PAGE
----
Screening mammography and mortality

Pam Peters
Med J Aust 2003; 178 (4): . || doi: 10.5694/j.1326-5377.2003.tb05148.x
Published online: 17 February 2003

Comment: The expression "give the lie to" has shifted its emphasis over the centuries, from the very direct "accuse (someone) of lying" to the much more abstract "show or imply (something) to be false". Some modern dictionaries, such as the Macquarie Dictionary (1997) and Merriam-Webster (2000), still give both meanings; others, such as the New Oxford Dictionary (1998), only the second. Large British and American databases, such as the British National Corpus, show that the phrase is usually used abstractly: one "gives the lie to" propaganda/a claim/an argument/a theory — whether in the context of academic discussion or political debate. The validity of an intellectual position is questioned, not the integrity of the person(s) associated with it. Yet, the simplicity of the phrase "give the lie to" probably gives the lie to the complexity of the challenge it expresses.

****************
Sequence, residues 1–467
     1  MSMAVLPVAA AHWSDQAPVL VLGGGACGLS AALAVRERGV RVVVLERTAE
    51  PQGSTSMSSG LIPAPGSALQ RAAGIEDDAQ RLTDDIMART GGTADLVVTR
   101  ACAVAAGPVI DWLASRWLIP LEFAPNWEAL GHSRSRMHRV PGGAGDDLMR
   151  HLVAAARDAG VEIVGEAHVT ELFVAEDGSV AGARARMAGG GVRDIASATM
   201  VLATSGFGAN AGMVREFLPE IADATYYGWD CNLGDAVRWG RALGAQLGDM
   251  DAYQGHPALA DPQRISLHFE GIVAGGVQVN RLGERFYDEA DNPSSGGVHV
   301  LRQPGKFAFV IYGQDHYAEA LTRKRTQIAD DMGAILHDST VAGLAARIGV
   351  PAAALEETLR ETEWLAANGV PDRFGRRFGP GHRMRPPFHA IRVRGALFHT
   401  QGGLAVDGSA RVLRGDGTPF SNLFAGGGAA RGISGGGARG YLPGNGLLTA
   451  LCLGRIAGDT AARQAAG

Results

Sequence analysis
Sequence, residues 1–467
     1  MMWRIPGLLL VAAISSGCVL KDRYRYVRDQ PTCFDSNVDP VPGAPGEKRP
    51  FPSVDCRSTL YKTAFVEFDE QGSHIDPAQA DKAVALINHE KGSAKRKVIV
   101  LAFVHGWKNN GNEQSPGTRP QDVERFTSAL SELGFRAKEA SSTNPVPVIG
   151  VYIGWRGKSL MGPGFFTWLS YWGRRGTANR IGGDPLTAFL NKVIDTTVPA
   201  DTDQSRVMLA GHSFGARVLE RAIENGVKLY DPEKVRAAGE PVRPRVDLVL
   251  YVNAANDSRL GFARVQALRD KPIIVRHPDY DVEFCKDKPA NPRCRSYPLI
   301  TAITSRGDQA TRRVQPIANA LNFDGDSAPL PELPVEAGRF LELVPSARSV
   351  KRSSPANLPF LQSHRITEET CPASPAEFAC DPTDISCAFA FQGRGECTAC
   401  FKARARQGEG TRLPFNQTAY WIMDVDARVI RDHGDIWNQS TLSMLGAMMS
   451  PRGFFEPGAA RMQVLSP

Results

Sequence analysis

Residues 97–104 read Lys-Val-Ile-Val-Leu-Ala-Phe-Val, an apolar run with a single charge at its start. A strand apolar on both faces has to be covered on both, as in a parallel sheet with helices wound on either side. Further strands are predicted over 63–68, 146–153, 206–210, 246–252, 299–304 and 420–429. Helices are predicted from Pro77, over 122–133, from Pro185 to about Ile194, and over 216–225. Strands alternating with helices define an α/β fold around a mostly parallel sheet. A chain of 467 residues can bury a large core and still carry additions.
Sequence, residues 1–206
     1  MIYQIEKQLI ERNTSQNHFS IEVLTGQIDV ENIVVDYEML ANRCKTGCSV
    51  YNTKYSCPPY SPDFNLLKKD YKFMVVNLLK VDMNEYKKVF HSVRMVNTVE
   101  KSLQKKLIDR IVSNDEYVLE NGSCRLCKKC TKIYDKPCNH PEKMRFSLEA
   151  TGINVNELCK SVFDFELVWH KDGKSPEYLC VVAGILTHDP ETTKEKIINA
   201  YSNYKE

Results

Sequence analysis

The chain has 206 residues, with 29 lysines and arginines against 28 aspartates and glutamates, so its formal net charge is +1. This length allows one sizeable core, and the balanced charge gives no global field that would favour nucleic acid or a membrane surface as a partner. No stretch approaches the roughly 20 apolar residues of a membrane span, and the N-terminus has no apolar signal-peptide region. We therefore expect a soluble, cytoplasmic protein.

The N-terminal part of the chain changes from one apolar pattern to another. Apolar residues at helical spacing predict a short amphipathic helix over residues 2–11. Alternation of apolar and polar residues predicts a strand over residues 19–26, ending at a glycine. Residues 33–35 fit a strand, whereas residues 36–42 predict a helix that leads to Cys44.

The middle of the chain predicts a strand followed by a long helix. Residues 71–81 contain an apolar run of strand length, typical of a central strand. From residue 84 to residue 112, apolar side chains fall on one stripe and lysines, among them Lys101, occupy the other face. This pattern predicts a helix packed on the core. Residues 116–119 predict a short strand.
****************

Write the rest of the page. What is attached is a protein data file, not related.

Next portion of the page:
• Pam Peters



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